Paul Healy’s Week

Before Christmas

This particular Christmas Week feels strange, as we knew it would. In the few days before Christmas Day, there is at least some respite from the Covid-19 sponsored gloom. Roscommon town looks wonderful, and there is some semblance of a Christmas atmosphere. The weather, for the most part, is beautiful. Cafés are alive again. People to and fro, and hurried seasonal greetings flow from behind the now familiar face coverings and the tired eyes of a jaded people.

We finished our last newspaper of this wretched year on the Monday night. A year of mostly grim news. But the people of our county have shown great resilience. Cast into this crisis, we have embraced the spirit of Meitheal. Covid has tormented us, but also revealed our hidden strengths, resilience and generosity of spirit.

As we wrap up in the office on the Tuesday, there is a growing sense of foreboding. Quite suddenly (it seems) the situation with Covid is deteriorating again. Reports of the discovery of a new strain of the virus are disheartening, alarming even. It’s like we’re successfully battling against a formidable enemy only to find them calling in reinforcements at the last moment.

That’s the thing…we’re being pounded by Covid again just when we thought we could see the finishing line. A big breakthrough on the vaccine front had rightly lifted the spirit of the nation. But there will be more pain before this ultimate gain. More resilience called for.

 

Monday, 21 December

Christmas won’t be cancelled, but it will be shortened. More misery for the hospitality industry, now a prisoner of this virus…our hotels, restaurants and cafes subjected to a horrible stop-start-stop again existence. Meanwhile, the pubs lie silent. There will be no joyous gatherings, no embraces, no stories, just nothing. Worse is the plight facing many elderly, ill and vulnerable people.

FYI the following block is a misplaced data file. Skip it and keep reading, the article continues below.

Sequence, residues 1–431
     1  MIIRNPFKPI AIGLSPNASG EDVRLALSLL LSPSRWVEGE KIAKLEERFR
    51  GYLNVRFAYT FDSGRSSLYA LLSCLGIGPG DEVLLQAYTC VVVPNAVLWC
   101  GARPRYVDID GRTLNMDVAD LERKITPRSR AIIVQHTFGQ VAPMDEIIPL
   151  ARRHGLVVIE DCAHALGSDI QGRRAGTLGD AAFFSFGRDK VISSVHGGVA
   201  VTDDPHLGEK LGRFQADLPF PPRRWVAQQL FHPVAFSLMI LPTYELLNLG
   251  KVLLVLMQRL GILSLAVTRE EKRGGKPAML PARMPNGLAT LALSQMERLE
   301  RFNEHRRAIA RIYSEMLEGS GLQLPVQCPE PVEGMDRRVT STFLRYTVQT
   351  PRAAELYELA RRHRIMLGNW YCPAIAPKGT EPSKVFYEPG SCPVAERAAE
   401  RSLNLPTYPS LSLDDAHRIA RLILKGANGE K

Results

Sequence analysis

Thankfully, religious services are permitted. This is a welcome development. But it will be the strangest Christmas Week in memory. It seems that everybody just wants 2020 to slink off. The sadness and hurt and carnage will remain, but at least the dawn of a new year ought to offer some psychological lift to the nation.

 

Christmas Eve

It seems that there are indeed two types of people in the world. Those of us who rush around on Christmas Eve, and those who (somehow) have time to relax/walk their dogs.

At least I assume that it’s their own dog these very well organised people are walking…as I join the throng of cars on Circular Road. This gives me yet another opportunity to remind readers of that great scene in The Pink Panther, when Inspector Clouseau (played by Peter Sellers) addresses a man with a dog.

“Does your dog bite?”

“No”.

Sellers stoops down to pat the dog and is duly bitten.

“I thought you said your dog does not bite?” says an angry and ruffled Clouseau.

“That is not my dog”.

Meanwhile, back in Roscommon on Christmas Eve, I admire the people who are so stress-free/organised that they can walk the dog…as the rest of us rush around!

Still, all the last-minute rushing and shopping is something most of us actually like, as it’s all part of the tradition of Christmas Eve.

 

Over the Christmas…